• Laramie Duncan

    Laramie Duncan

    Assistant Professor of Psychiatry and Behavioral Sciences (Major Laboratories and Clinical Translational Neurosciences Incubator)

    Current Research and Scholarly InterestsWe study genetic and environmental effects on mental health. Much of our work is computational and it relies upon genetic data, collected from millions of individuals, from around the world. We use genetic approaches because the overall goal of the lab is to discover fundamental information about psychiatric disorders, and ultimately to build more rational approaches to classification, prevention, and treatment.

  • Neir Eshel, MD, PhD

    Neir Eshel, MD, PhD

    Assistant Professor of Psychiatry and Behavioral Sciences (Major Laboratories & Clinical Translational Neurosciences Incubator)

    BioDr. Eshel (he/him/his) is a tenure-track Assistant Professor in the Department of Psychiatry & Behavioral Sciences at Stanford University School of Medicine.

    His clinical focus is the full-spectrum mental health care of sexual and gender minorities, with particular interest in depression, anxiety, and the complex effects of trauma in this population. He works in collaboration with other primary care and mental health providers at the Stanford LGBTQ+ program.

    His research interests (www.staarlab.com) include the use of optogenetic, electrophysiological, neuroimaging, and behavioral approaches to probe the neural circuits of reward processing, decision making, and social behavior. He has won multi-year grants from the National Institutes of Health, Burroughs-Wellcome Fund, Brain and Behavior Research Foundation, and Simons Foundation to further his research.

    Dr. Eshel has published articles on dopamine and motivation, the neuroscience of irritability, LGBTQ health, reward and punishment processing in depression, behavioral predictors of substance use among adolescents, and the mechanism of transcranial magnetic stimulation. His work has appeared in Nature, Science, Neuron, Nature Neuroscience, Annual Review of Neuroscience, JAMA, JAMA Psychiatry, Neuropsychopharmacology, Proceedings of the National Academy of Sciences, and Journal of Neuroscience. He is a co-inventor on a patent pending for a new class of drugs for addiction, and also the author of the book Learning: The Science Inside, a publication of the American Association for the Advancement of Science.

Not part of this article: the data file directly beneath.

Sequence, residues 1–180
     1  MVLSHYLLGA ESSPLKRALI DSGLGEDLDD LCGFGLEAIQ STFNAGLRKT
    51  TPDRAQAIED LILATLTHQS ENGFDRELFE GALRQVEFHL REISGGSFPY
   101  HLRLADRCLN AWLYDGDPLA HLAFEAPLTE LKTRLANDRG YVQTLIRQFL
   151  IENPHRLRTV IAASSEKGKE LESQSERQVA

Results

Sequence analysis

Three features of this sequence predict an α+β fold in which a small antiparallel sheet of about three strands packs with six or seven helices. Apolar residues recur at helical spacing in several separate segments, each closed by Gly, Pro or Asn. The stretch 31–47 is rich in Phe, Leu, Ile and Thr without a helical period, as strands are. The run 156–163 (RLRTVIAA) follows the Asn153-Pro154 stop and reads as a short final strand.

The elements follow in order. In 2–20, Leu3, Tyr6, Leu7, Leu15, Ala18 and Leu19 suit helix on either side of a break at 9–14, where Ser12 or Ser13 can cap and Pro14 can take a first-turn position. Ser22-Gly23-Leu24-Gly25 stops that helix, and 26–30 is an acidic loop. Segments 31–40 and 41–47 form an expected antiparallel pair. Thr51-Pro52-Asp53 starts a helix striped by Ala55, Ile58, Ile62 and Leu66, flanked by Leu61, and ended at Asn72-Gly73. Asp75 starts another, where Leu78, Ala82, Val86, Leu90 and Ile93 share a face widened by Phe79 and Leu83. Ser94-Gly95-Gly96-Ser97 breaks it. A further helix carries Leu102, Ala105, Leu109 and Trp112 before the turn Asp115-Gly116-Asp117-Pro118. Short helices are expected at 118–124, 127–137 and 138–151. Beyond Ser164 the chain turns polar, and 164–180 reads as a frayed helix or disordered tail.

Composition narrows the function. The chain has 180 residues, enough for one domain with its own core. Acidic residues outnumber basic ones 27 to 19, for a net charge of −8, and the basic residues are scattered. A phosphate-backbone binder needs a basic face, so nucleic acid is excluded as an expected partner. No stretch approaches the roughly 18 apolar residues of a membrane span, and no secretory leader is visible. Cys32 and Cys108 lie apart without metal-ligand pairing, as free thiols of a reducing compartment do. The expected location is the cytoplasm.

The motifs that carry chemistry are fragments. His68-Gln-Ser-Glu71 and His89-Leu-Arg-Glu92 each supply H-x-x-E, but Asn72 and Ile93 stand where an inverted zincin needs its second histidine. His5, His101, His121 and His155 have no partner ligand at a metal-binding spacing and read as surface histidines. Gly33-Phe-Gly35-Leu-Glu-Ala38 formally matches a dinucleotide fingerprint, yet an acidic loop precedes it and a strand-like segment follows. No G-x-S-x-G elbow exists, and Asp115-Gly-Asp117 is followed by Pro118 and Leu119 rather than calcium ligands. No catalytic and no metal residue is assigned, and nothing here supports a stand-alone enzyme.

He has delivered presentations on the neural circuits of motivated behavior, anger expression in patients with PTSD, how dopamine facilitates learning, and LGBTQ-related topics at departmental seminars in London, Zurich, and Tel Aviv, and at the meetings of the American College of Neuropsychopharmacology, Society of Biological Psychiatry, and Association of American Medical Colleges, among others. He is also an associate editor of the Journal of Gay and Lesbian Mental Health, and an ad-hoc reviewer for numerous publications including Nature, Science, JAMA Psychiatry, Biological Psychiatry, and Current Biology.

    Dr. Eshel has won honors for his scholarship and advocacy, including the Marshall Scholarship, the Outstanding Resident Award from the National Institute of Mental Health, the Science and SciLifeLab Grand Prize for Young Scientists, the Freedman Award (honorable mention) from the Brain and Behavior Research Foundation, the Polymath Award from Stanford's psychiatry department, and the National LGBT Health Achievement Award.

    He is a member of the American Psychiatric Association, American College of Neuropsychopharmacology, Society of Biological Psychiatry, Association of Gay & Lesbian Psychiatrists, Society for Neuroscience, and other professional associations. He is also an advocate for LGBTQ rights, recently serving as the chair of Stanford's LGBTQ+ Benefits Advocacy Committee.

    Prior to Stanford, Dr. Eshel trained and conducted research at the National Institutes of Health, Princeton University, the World Health Organization, University College London, and Harvard University.